Mathematics is an interconnected subject in which pupils need to be able to move fluently between representations of mathematical ideas. The programmes of study are, by necessity, organised into apparently distinct domains, but pupils should make rich connections across mathematical ideas to develop fluency, mathematical reasoning and competence in solving increasingly sophisticated problems. They should also apply their mathematical knowledge to science and other subjects.
The expectation is that the majority of pupils will move through the programmes of study at broadly the same pace. However, decisions about when to progress should always be based on the security of pupils’ understanding and their readiness to progress to the next stage. Pupils who grasp concepts rapidly should be challenged through being offered rich and sophisticated problems before any acceleration through new content. Those who are not sufficiently fluent with earlier material should consolidate their understanding, including through additional practice, before moving on.
The Sholing Junior School's
Maths Hall of Fame
To celebrate inclusion and diversity in Mathematics, we are going to vote on who to admit to Sholing Junior School’s Maths Hall of Fame.
We need you to explore our nominations for the Maths Hall of Fame. All of these key mathematicians are inspiring and have positively impacted the way that we live today. From Katherine Johnson, the first African-American woman to work as a NASA scientist, to Al-Khwarizmi, the man who is considered to have written the first book on algebra. But only one magical mathematician can be entered to the Maths Hall of Fame this term.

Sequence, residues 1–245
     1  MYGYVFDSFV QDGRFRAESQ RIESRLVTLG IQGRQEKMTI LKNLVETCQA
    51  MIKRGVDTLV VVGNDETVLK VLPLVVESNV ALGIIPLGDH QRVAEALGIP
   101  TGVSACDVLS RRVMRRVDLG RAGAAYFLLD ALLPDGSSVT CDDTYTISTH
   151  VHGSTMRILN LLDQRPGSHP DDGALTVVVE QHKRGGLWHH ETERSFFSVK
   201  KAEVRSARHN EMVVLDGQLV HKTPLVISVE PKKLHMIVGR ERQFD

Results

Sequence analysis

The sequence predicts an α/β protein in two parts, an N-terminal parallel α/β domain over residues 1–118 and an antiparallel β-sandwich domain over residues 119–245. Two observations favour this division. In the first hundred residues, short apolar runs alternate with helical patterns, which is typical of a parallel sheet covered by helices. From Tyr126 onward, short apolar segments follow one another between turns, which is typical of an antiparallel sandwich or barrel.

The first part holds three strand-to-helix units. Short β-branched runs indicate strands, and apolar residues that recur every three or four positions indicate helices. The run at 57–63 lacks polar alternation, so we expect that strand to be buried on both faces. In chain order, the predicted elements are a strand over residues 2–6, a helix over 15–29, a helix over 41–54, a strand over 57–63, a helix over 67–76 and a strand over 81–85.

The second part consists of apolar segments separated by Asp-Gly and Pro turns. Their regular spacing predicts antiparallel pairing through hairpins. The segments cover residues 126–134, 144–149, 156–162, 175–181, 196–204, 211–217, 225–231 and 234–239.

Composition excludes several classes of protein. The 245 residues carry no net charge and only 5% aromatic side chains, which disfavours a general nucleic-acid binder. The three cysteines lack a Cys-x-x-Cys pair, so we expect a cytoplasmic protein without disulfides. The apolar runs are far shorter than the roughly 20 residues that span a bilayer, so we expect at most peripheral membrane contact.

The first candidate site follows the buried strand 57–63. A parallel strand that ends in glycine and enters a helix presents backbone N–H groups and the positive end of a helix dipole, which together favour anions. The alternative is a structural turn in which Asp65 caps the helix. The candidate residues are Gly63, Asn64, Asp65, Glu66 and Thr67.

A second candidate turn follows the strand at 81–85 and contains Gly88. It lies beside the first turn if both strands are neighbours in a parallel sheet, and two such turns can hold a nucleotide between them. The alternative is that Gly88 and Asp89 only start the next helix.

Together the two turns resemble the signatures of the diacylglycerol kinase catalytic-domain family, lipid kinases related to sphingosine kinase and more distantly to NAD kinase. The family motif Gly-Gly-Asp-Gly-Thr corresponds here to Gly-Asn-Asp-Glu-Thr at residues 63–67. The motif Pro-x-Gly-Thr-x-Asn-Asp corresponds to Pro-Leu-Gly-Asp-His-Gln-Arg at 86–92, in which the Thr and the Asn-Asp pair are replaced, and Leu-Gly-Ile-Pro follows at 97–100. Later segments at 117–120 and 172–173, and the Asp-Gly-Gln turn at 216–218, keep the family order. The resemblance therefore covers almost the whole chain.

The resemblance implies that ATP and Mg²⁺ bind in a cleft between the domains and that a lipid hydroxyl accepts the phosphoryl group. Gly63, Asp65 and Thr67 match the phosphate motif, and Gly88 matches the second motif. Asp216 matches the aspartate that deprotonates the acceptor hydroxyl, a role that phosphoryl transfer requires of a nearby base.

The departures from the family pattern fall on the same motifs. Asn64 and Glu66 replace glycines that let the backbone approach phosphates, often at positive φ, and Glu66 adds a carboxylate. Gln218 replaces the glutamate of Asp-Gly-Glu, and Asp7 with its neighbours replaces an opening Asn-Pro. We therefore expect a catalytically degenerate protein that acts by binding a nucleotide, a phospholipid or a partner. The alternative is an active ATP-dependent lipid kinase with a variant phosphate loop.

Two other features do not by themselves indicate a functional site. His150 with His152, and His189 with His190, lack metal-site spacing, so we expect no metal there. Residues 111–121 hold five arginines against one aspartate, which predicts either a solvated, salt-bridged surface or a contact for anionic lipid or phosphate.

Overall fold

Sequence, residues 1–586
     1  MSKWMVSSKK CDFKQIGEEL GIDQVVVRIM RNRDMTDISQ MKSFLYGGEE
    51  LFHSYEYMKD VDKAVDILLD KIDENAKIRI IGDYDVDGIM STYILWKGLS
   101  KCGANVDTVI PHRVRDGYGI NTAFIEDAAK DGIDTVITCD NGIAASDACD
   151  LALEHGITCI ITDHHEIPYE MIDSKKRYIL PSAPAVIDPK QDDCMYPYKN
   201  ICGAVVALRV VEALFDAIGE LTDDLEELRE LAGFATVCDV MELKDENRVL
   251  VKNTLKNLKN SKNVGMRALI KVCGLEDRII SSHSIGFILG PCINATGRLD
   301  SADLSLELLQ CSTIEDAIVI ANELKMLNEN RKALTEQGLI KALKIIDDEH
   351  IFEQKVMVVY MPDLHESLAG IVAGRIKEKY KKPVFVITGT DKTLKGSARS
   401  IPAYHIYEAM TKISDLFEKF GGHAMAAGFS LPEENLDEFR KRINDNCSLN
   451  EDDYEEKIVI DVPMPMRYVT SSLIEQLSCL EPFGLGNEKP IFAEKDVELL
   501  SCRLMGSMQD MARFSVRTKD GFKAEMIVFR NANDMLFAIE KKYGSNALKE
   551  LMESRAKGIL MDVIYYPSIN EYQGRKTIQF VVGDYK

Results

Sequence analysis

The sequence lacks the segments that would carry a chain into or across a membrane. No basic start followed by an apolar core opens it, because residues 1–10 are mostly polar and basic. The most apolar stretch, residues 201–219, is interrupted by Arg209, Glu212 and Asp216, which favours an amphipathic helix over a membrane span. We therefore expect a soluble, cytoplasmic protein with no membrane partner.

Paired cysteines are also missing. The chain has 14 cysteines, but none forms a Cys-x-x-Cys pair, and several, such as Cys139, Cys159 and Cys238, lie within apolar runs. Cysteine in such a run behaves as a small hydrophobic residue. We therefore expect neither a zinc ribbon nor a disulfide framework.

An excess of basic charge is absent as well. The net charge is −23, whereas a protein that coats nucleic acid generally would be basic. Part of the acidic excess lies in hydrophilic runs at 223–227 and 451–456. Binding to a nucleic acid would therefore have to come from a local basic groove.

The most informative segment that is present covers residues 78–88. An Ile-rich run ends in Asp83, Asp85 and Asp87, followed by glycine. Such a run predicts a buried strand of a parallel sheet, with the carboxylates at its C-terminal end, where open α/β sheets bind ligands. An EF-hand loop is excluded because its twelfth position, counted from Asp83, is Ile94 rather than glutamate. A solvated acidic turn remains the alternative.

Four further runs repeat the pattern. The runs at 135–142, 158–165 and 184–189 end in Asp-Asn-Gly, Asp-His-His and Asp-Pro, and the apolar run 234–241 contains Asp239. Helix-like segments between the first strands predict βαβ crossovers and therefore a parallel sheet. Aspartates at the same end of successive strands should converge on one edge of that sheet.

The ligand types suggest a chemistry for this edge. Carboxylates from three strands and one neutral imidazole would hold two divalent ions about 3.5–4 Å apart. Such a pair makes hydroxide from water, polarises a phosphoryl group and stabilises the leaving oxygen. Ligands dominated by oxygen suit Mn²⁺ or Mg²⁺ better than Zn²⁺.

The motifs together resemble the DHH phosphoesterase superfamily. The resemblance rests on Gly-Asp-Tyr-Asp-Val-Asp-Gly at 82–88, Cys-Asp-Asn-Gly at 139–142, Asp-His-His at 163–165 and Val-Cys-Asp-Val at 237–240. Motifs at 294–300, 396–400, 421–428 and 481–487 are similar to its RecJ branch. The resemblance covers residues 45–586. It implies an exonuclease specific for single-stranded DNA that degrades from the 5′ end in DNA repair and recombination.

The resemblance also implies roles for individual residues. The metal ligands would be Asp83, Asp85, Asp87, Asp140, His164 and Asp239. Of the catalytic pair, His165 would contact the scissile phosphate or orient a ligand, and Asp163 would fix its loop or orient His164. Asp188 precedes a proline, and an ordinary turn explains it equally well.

After exploring these marvellous mathematicians, we need you to choose one to research. Then, write a short description of their mathematical achievements to persuade others to vote for your nomination. Your research could be the deciding factor.
The best persuasive descriptions will be shared in assembly and may even be displayed around the school. A special vote will follow and our first miraculous mathematician will be inducted into the Hall of Fame.
All entries must be submitted to Mr Wakefield by Thursday 24th June.
Information and communication technology (ICT)
Calculators should not be used as a substitute for good written and mental arithmetic. They should therefore only be introduced near the end of key stage 2 to support pupils’ conceptual understanding and exploration of more complex number problems, if written and mental arithmetic are secure. In both primary and secondary schools, teachers should use their judgement about when ICT tools should be used.
The national curriculum for mathematics reflects the importance of spoken language in pupils’ development across the whole curriculum – cognitively, socially and linguistically. The quality and variety of language that pupils hear and speak are key factors in developing their mathematical vocabulary and presenting a mathematical justification, argument or proof. They must be assisted in making their thinking clear to themselves as well as others and teachers should ensure that pupils build secure foundations by using discussion to probe and remedy their misconceptions.